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Students working toward a bachelor's degree in education have an opportunity to learn effective techniques for working with individuals of various grade levels and life stages. Schools typically offer the degree as a Bachelor of Education (B.Ed.), and specialized programs may focus on topics such as early childhood education or elementary education. Full-time students can generally complete the degree program in four years.

Education Teaching

Online bachelor's degree in education: coursework and overview

Students pursuing a Bachelor of Education may take courses both inside and outside of the field, with a combination of education classes and courses in a subject that they wish to teach (e.g., English, math, or biology). Below are examples of education courses that students in the degree program commonly take:

  • Introduction to Early Childhood Education: Students examine the history of early childhood education programs in addition to current trends and issues pertinent to educating young children. Specialized courses could cover subjects such as infant and toddler care.
  • Child Development: Courses typically cover children's growth as well as their physical, cognitive, and psychosocial development from conception to adolescence.
  • Children's Literature: Students explore and analyze various genres in children's literature. They discuss ways to integrate literature into other subject areas, such as math and social studies.
  • Contemporary Issues in Education: Students discuss current issues impacting the U.S. education system, including social, political, and policy issues.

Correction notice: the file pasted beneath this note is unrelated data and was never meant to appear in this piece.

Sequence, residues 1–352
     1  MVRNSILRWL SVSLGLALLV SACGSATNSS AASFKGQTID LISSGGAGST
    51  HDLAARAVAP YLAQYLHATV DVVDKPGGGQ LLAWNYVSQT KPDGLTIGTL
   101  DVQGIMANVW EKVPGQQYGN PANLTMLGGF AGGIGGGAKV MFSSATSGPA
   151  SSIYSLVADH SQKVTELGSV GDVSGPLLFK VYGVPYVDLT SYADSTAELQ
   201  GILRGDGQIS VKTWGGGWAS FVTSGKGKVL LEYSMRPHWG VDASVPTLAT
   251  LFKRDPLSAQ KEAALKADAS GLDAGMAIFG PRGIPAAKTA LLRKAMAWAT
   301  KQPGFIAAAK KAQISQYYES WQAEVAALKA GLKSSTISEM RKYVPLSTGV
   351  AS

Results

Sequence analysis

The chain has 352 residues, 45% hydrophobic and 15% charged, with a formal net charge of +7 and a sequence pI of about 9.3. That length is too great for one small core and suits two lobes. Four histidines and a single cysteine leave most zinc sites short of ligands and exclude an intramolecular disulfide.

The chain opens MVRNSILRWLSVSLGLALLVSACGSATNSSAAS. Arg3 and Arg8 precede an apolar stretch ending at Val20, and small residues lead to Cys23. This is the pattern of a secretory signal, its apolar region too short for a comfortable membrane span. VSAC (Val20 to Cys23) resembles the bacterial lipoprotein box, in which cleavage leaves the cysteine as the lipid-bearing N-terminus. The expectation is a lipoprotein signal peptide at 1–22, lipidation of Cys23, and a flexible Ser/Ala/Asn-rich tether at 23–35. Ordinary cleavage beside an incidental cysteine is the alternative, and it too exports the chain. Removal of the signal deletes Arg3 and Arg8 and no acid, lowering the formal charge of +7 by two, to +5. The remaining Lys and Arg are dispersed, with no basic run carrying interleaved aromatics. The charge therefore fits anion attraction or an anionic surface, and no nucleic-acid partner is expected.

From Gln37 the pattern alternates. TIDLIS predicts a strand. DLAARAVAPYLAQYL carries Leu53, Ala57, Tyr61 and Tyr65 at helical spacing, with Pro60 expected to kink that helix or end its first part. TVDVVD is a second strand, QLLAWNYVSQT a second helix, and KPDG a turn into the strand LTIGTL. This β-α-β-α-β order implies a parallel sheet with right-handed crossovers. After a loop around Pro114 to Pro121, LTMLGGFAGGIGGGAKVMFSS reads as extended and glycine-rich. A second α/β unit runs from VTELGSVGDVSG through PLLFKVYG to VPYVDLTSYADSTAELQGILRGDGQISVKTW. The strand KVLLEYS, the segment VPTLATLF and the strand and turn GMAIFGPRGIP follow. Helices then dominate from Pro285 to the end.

• Secondary Education Teaching Methods: These specialized secondary education courses focus on teaching methods for specific content areas, such as math and English. Students study effective teaching practices and curriculum specific to the subject area.

Potential career opportunities for individuals with a bachelor's degree in education

A bachelor's degree in education can provide students with skills applicable to a variety of career paths, primarily in education. With the necessary qualifications, graduates of Bachelor of Education degree programs can pursue careers such as those discussed below:

  • Kindergarten and elementary school teachers typically provide instruction to children in kindergarten through fourth or fifth grade. They teach subjects such as reading and math and also assess students' abilities, strengths, and weaknesses. By taking early childhood education and child development courses, students interested in this career can acquire an understanding of how individuals develop throughout their youth and learn effective techniques for teaching young children.
  • High school teachers plan and deliver lessons for subject-based classes and help prepare students for state-required standardized tests. The Bureau of Labor Statistics (bls.gov) states that individuals hoping to teach high school students typically major in a specific content area, such as chemistry or history, and often supplement that content focus with education and child psychology courses.